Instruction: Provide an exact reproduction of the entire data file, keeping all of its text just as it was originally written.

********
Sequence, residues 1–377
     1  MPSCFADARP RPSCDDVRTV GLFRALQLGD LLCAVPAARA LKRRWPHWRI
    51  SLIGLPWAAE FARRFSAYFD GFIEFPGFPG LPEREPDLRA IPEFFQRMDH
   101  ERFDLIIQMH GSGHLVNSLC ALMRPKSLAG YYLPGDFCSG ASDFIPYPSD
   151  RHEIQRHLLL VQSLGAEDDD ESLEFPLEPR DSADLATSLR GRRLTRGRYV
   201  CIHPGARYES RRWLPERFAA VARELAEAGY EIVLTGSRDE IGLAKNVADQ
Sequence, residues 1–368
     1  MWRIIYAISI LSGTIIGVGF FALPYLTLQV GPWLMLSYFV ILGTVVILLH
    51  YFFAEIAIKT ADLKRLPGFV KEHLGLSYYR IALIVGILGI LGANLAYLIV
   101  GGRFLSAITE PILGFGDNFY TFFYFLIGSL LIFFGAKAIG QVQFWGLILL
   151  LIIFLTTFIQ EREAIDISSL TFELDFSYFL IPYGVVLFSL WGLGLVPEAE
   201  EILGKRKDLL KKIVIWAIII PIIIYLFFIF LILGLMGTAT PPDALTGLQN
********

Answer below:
Sequence, residues 1–377
     1  MPSCFADARP RPSCDDVRTV GLFRALQLGD LLCAVPAARA LKRRWPHWRI
    51  SLIGLPWAAE FARRFSAYFD GFIEFPGFPG LPEREPDLRA IPEFFQRMDH
   101  ERFDLIIQMH GSGHLVNSLC ALMRPKSLAG YYLPGDFCSG ASDFIPYPSD
   151  RHEIQRHLLL VQSLGAEDDD ESLEFPLEPR DSADLATSLR GRRLTRGRYV
   201  CIHPGARYES RRWLPERFAA VARELAEAGY EIVLTGSRDE IGLAKNVADQ
Sequence, residues 1–368
     1  MWRIIYAISI LSGTIIGVGF FALPYLTLQV GPWLMLSYFV ILGTVVILLH
    51  YFFAEIAIKT ADLKRLPGFV KEHLGLSYYR IALIVGILGI LGANLAYLIV
   101  GGRFLSAITE PILGFGDNFY TFFYFLIGSL LIFFGAKAIG QVQFWGLILL
   151  LIIFLTTFIQ EREAIDISSL TFELDFSYFL IPYGVVLFSL WGLGLVPEAE
   201  EILGKRKDLL KKIVIWAIII PIIIYLFFIF LILGLMGTAT PPDALTGLQN